Executive Survival Guide to Meeting Requirements


King, Joseph P.   (1987, ASQC)   International Business Machines Co., Austin, TX

41st Annual Quality Congress, May 1987, Minneapolis, MN    Vol. 41    No. 0
QICID: 3388    May 1987    pp. 827-832
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Article Abstract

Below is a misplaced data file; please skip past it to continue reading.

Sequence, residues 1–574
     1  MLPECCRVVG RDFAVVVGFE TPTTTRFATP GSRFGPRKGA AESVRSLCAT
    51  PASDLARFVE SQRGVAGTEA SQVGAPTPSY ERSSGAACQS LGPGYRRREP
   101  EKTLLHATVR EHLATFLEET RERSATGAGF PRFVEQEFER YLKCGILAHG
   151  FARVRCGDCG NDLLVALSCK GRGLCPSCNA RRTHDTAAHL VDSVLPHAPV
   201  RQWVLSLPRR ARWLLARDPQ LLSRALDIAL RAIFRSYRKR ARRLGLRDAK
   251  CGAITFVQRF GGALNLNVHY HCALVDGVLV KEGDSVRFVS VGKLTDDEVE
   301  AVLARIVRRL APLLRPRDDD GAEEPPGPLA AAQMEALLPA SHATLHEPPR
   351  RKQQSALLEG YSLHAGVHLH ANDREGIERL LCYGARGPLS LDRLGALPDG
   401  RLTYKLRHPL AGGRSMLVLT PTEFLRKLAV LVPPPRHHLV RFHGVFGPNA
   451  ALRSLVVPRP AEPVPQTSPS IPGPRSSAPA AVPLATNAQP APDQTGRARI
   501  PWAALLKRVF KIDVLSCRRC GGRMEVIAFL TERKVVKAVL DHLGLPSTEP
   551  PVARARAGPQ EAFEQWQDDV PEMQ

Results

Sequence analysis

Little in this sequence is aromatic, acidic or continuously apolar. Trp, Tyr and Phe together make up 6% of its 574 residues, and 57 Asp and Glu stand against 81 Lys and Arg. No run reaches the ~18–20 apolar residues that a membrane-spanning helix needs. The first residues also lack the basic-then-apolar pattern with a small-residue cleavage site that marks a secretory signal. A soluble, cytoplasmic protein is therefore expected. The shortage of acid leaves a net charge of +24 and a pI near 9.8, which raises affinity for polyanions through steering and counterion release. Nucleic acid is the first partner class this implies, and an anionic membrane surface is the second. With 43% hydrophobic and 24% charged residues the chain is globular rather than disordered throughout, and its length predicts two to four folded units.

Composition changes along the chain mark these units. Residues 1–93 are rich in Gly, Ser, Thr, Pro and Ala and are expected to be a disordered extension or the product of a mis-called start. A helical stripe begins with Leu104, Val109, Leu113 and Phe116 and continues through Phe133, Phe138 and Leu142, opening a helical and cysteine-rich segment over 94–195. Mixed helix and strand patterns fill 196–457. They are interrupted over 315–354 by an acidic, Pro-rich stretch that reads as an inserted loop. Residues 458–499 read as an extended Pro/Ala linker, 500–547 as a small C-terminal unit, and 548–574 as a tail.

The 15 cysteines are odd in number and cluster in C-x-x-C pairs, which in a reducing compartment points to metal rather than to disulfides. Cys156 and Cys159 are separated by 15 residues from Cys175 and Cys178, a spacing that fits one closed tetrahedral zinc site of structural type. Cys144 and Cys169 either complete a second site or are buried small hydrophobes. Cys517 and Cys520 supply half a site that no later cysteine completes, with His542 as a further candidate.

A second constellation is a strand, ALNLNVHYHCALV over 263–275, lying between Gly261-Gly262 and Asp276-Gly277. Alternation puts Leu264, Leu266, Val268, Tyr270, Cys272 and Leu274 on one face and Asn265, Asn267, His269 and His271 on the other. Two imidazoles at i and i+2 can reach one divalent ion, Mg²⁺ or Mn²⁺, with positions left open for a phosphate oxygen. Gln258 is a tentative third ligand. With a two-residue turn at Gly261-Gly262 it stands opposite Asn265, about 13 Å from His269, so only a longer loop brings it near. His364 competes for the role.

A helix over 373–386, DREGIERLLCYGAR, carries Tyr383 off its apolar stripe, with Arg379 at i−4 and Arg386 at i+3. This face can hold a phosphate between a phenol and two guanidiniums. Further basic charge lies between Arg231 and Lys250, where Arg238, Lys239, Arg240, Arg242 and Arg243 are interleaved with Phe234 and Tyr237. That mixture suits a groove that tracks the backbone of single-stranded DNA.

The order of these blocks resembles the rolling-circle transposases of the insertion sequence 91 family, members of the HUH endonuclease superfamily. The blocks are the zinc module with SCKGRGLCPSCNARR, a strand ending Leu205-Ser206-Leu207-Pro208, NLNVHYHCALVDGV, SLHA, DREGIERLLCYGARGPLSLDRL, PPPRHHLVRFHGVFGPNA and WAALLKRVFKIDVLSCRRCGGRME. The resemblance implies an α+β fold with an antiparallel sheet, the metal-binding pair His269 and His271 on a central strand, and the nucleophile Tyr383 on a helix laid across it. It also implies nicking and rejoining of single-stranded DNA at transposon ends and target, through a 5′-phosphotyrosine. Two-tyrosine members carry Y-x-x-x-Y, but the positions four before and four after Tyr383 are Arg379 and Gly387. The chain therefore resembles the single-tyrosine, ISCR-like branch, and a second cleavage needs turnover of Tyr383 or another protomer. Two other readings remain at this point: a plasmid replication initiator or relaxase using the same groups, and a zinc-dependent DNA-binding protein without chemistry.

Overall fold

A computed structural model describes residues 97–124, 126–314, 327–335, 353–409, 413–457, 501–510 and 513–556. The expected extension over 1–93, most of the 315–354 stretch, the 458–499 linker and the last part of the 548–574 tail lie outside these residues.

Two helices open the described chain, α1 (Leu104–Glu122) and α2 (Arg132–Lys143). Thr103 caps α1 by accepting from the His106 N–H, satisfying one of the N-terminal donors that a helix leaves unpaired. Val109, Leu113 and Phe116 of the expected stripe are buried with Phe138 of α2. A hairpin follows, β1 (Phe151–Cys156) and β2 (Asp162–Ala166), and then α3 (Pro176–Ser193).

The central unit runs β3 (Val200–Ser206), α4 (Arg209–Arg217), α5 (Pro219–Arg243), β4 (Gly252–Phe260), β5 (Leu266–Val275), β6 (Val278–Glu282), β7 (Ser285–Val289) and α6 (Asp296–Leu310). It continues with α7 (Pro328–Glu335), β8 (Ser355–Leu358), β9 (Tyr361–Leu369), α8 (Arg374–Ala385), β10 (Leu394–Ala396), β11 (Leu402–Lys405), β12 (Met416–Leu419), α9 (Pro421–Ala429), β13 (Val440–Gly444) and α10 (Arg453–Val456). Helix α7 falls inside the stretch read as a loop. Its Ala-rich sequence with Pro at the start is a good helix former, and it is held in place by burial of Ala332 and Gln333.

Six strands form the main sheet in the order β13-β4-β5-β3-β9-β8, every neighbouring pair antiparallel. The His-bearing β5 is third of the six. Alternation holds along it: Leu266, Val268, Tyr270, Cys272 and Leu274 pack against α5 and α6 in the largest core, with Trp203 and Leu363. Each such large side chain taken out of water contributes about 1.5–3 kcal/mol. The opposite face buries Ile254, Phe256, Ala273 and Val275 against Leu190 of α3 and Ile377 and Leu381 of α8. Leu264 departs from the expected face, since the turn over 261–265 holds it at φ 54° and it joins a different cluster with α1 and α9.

Have you heard about Quality lately?- Everybody talks about it (books, talk shows, parties..)- Obviously important (Job #1, Kentucky Fried...)- Prime sales tool (Japanese cars, cameras, hi-fi...)- People motivator/morale builder (circles, excel teams)- Productivity and profit builder (COQ, Zero def., TAF, SPQC)Today's executive is constantly exposed to the fallout from all the activity generated in the name of quality, as noted above. It is difficult, maybe even impossible, to limit the amount of time and energy consumed by the executive just listening and learning about all the new techniques offered to secure dramatic improvements in quality. It is equally difficult to make decisions to utilize one or several of these new ideas. The payback is usually not short term and depends largely on management's ability to foster and actually implement new thought patterns across the entire work force.In the executive's world, the ability to show growth and profit on a real-time, ongoing basis is critical to both their own survival and the company's. Signing up for programs designed to improve quality requires commitment of funds and resources, and it is entirely appropriate to expect the programs to pay their own way in the short term as well as the long term. Many obstacles exist today when executives try to decide for or against an improvement program or try to choose one from among the long list available. An early problem faced by these executives stems from the different schooling before they can translate the programs into real life terms. A further complication of this occurs when exuectives who have invested the time and effort in schooling for themselves try to communicate with others in the organization who have not yet been "trained". The biggest obstacle of all, however, si the fact that in most companies, measurements systems do not currently exist to provide information to executives that would identify real improvements even if they were happening.The Survival Guide intends to provide a checklist approach using terms and measurements already in the vocabulary of the executives and their staff as well as the operating work force. The guide directs activities leading to meeting business requirements at the executive level and highlights areas needing help or support within the structure.Application of the approach on an actual product program is presented and discussed to reinforce the value of the guide.



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